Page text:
• The law does not confer any right on women to prosecute the adulterous husband, or the woman with whom the husband has indulged in sexual intercourse with. In simple words, the husband solely has been permitted to prosecute the adulterer.

Telecom Regulations

Centre upholds Net neutrality proposals

  • In a move that will ensure open and free Internet in India, the government has approved the principle of net neutrality.
  • This means that telecom and Internet service providers must treat all data on the Internet equally, and not discriminate or charge differently by user, content, site, platform, or application.
  • They cannot engage in practices such as blocking, slowing down or granting preferential speeds to any content.
  • The Telecom Commission (TC) — which is the highest decision-making body in the Department of Telecom (DoT) — approved the recommendation made by the Telecom Regulatory Authority of India (TRAI) eight months ago.

Critical services

  • She, however, added that certain emerging and critical services will be kept out of the purview of these norms.
  • A separate committee has been set up under the DoT to examine what these critical services will be.
  • These may include autonomous vehicles, digital healthcare services or disaster management.
  • The regulator, in November 2017, batted in favour of Net neutrality.

Enlighten about The Telecom Commission (TC)

  • Internet access services should be governed by a principle that restricts any form of discrimination or interference in the treatment of content, including practices like blocking, degrading, slowing down or granting preferential speeds or treatment to any content.”
  • It had also said that these would not apply to “reasonable traffic management practices” by the service provider.
  • India’s decision to uphold Net neutrality assumes greater significance given that in the U.S., the rules on Net neutrality were repealed.
  • To implement Net neutrality, the regulator had recommended that the terms of licence agreements that govern the provision of Internet services in India be amended “to incorporate the principles of non-discriminatory treatment of content along with the appropriate exclusions and exceptions.”
  • The regulator has further recommended establishing a multi-stakeholder not-for-profit body for the monitoring and enforcement of these principles.
  • The Telecom Commission also gave its nod to install 12.5 lakh Wi-Fi hotspots in all gram panchayats.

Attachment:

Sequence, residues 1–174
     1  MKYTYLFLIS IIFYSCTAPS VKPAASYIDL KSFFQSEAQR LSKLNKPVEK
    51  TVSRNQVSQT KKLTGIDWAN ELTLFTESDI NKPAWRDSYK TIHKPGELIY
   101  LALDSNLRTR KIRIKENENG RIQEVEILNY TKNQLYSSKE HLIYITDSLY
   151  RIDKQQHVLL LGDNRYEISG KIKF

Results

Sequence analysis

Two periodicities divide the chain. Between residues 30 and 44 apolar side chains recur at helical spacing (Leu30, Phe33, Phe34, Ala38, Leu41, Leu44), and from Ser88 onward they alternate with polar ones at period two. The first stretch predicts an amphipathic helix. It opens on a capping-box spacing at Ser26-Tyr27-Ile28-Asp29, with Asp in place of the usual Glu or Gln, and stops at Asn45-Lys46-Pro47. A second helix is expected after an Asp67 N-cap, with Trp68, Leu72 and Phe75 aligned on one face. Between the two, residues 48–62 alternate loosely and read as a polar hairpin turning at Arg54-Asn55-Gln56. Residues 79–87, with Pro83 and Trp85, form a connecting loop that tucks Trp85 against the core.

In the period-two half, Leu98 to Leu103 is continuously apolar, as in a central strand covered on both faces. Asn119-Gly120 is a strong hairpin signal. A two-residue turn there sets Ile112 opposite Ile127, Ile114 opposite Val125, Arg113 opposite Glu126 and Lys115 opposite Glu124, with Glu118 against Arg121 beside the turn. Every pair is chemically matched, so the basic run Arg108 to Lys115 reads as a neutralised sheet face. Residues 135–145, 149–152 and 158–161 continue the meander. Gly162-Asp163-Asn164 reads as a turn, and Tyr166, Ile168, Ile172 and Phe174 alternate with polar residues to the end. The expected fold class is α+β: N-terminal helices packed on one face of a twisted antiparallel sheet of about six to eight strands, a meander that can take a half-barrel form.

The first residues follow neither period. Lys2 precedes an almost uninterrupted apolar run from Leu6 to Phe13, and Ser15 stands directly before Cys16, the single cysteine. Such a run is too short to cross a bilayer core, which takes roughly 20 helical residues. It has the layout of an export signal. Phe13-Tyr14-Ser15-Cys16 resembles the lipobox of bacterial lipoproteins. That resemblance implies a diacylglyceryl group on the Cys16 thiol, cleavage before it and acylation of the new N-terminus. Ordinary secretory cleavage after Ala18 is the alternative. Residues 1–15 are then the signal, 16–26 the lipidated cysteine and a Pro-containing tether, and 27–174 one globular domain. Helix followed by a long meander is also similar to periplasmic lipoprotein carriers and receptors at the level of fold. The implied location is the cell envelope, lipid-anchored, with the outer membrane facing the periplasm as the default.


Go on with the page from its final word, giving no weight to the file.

State Specific

Kolkata gets all-woman police squad The Winners

  • Police unleashed a new weapon against eve-teasers, stalkers and roadside Romeos: an all-woman motorbike squad.
  • “The Winners” — a special all-women patrolling team to combat and prevent crimes like molestation, eve-teasing etc. to make public places safer for women
  • The constables were inducted into the force on the basis of their record. They were given four months special training before taking up the new assignment.


Nilgiri tahr The endangered wild goat could lose approximately 60% of its habitat, starting from the 2030s due to climate change

  • The antics of the sure-footed Nilgiri tahr
  • These endangered wild mountain goats – found only in high altitudes in India’s Western Ghats
  • They could be losing their footing with increasing climate change.

Enlighten about the report

  • Tahrs could lose approximately 60% of their habitats from the 2030s on, predict scientists in their study in Ecological Engineering, an international journal that emphasises the need for ecological restoration.
  • The tahr strongholds such as Chinnar, Eravikulam and Parambikulam in Kerala will still be stable habitats under different climate change scenarios.
  • However, other regions, including parts of Tamil Nadu’s Kalakkad Mundanthurai Tiger Reserve and the wildlife sanctuaries of Peppara, Neyyar, Schenduruny and Srivilliputhur, could experience severe habitat loss in future
  • According to the report, only the Eravikulam and Mukurthi National Parks stress on tahr-centered conservation activities in their management plans.

Enlighten about The Nilgiri tahr (Nilgiritragus hylocrius)

  • It is known locally as the Nilgiri ibex or simply ibex, is an ungulate that is endemic to the Nilgiri Hills and the southern portion of the Western Ghats in the states of Tamil Nadu and Kerala in Southern India.
  • It is the state animal of Tamil Nadu.
  • Despite its local name, it is more closely related to the sheep of the genus Ovis than the ibex and wild goats of the genus Capra.

Sources – The Hindu . PIB , Indian Express